Judge Won’t Halt SoCal Clean Truck Programs


     (CN) – A federal judge in Los Angeles upheld the substantive portions of a state program to reduce emissions on trucks serving the Los Angeles and Long Beach ports. U.S. District Judge Christina Snyder rejected the American Trucking Association’s bid to halt enforcement of the plan to retire more than 2,000 pre-1989 diesel trucks from the fleet.




     In 2008, the Los Angeles Harbor Board and the Long Beach Harbor Board adopted programs that went into effect Oct. 1 and retired the older, higher-polluting trucks from the fleet serving the ports. The programs require drayage trucks to be registered under a concession from the ports before they can enter the ports. The regulations are expected to reduce truck-produced emissions 80 percent by 2012.
     The American Truck Association (ATA) filed suit last July, claiming the state lacks the authority to regulate interstate motor carriers. Judge Snyder ruled against the trucking association, but the 9th Circuit reversed, concluding that “the balance of the equities and the public interest do weigh in favor of a preliminary injunction in this case.”
     On remand, the ATA argued that the concession agreements are merely duplicates of existing law and cannot be enforced. It also challenged the finding that the state can delegate this authority to ports under a “safety exemption” to federal pre-emption.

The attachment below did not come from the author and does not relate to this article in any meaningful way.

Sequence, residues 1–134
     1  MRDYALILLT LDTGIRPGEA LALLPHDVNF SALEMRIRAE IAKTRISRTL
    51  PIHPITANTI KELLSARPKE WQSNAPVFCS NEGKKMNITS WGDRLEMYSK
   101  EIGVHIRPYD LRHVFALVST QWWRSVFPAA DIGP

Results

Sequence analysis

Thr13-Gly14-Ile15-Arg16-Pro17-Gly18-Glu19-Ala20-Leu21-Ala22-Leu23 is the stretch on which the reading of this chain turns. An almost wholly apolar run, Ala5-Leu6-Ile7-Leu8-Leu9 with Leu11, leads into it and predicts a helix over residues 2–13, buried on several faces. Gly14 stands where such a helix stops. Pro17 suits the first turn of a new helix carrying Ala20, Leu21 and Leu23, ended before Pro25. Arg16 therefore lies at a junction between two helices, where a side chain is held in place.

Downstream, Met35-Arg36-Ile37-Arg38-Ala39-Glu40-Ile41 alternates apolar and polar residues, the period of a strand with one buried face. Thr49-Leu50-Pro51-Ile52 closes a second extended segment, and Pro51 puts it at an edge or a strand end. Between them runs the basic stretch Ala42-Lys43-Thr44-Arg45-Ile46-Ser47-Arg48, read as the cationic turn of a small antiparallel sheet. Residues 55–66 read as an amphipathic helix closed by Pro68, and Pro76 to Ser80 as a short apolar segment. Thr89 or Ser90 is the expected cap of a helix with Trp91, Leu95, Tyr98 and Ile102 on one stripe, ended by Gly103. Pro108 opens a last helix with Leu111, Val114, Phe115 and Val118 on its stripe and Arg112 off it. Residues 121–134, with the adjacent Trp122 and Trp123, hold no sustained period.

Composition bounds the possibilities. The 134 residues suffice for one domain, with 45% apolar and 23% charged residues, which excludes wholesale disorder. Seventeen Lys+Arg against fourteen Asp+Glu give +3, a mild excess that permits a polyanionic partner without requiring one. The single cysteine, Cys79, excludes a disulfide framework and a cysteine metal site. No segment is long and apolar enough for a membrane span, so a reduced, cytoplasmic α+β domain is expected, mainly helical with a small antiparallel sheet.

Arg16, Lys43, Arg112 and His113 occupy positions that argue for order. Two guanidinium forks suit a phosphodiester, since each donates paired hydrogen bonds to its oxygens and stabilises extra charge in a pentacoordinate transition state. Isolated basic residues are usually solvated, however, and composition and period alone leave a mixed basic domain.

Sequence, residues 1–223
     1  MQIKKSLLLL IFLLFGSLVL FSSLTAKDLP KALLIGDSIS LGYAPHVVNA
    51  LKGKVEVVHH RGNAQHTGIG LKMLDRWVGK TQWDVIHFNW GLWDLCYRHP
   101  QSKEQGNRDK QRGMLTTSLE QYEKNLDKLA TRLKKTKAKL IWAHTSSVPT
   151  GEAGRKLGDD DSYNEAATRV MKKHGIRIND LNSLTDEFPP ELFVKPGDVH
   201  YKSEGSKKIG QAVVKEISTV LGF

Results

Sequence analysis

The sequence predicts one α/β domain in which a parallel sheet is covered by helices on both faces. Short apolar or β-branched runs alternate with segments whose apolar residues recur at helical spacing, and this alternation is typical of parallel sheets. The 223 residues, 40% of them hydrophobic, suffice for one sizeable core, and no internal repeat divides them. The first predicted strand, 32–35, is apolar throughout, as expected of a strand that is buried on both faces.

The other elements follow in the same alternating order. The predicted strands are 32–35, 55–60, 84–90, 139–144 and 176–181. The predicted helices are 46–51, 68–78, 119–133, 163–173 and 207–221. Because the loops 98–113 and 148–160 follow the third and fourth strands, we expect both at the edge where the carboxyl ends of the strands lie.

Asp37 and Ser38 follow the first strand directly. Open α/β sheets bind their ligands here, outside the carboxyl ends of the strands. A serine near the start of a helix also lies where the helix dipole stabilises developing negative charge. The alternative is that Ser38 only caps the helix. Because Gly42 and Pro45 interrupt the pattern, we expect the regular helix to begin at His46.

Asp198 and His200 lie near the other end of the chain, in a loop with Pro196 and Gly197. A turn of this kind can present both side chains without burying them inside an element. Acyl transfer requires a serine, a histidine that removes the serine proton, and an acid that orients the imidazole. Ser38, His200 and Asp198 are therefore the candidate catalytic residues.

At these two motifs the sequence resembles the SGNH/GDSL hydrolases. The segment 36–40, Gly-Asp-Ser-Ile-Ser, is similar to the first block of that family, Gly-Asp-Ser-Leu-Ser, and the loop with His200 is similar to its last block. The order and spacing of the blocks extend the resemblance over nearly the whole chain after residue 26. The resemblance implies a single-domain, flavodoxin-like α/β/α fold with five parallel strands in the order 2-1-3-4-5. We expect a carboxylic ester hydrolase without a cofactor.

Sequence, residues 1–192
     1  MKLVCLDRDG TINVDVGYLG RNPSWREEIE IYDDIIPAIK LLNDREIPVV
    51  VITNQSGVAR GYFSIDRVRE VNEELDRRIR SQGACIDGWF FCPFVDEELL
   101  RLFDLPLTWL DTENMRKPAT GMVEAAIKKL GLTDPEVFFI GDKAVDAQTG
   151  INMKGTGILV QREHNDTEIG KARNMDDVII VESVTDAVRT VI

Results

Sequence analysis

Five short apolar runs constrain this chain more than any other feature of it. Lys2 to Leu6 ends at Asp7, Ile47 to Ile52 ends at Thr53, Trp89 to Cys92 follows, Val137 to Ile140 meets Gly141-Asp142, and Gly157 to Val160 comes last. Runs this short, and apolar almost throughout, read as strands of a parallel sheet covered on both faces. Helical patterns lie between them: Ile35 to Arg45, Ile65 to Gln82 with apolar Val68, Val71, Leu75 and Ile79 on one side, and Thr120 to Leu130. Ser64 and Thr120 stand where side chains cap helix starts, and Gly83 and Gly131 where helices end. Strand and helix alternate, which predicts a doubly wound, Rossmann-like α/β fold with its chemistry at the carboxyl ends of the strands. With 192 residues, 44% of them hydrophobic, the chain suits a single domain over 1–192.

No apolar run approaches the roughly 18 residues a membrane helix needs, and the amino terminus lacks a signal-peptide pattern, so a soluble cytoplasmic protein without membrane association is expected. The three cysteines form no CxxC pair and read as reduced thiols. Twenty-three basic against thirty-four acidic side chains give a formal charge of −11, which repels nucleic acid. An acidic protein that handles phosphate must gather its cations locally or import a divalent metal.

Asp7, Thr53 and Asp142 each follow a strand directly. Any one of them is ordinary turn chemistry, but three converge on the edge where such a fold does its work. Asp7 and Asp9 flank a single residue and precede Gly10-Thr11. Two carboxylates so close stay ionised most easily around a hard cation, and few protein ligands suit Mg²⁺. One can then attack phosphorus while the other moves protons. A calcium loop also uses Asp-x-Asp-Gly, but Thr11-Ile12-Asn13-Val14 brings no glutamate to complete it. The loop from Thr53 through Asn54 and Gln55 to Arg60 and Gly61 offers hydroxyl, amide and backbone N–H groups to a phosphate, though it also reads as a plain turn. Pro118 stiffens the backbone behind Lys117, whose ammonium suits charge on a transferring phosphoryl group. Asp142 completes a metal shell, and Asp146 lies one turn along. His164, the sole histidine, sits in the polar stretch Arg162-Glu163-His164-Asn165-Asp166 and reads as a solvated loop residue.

Judge Snyder remained unconvinced.
     “The Court agrees with the Los Angeles defendants that the mere fact that certain provisions of the Concession agreements require compliance with already existing obligations under federal and state law does not lead to the conclusion that the Concession agreements cannot fall within the safety exception,” Snyder wrote.
     Although Snyder declined to enjoin the agreements on that basis, she ruled that a plan to phase out independent operators and replace them with experienced drayage drivers was “unrelated to motor vehicle safety” and must be enjoined.
     The National Resources Defense Council, which intervened earlier this month to defend the programs, issued a statement chalking up the ruling as having left the emissions regulations basically in tact.
     “Today’s decision allows the replacement of these trucks to proceed as planned,” the NRDC wrote. “However, without the employee program, port cleanup goals could be severely delayed because most independent owner-operators cannot afford to maintain and repair their trucks.”
     Peter Lehner, executive director of the NRDC, added: “The fight for a sustainable clean truck program is far from over; we will stay at it and beat back the indefensible claims of those opposed.”

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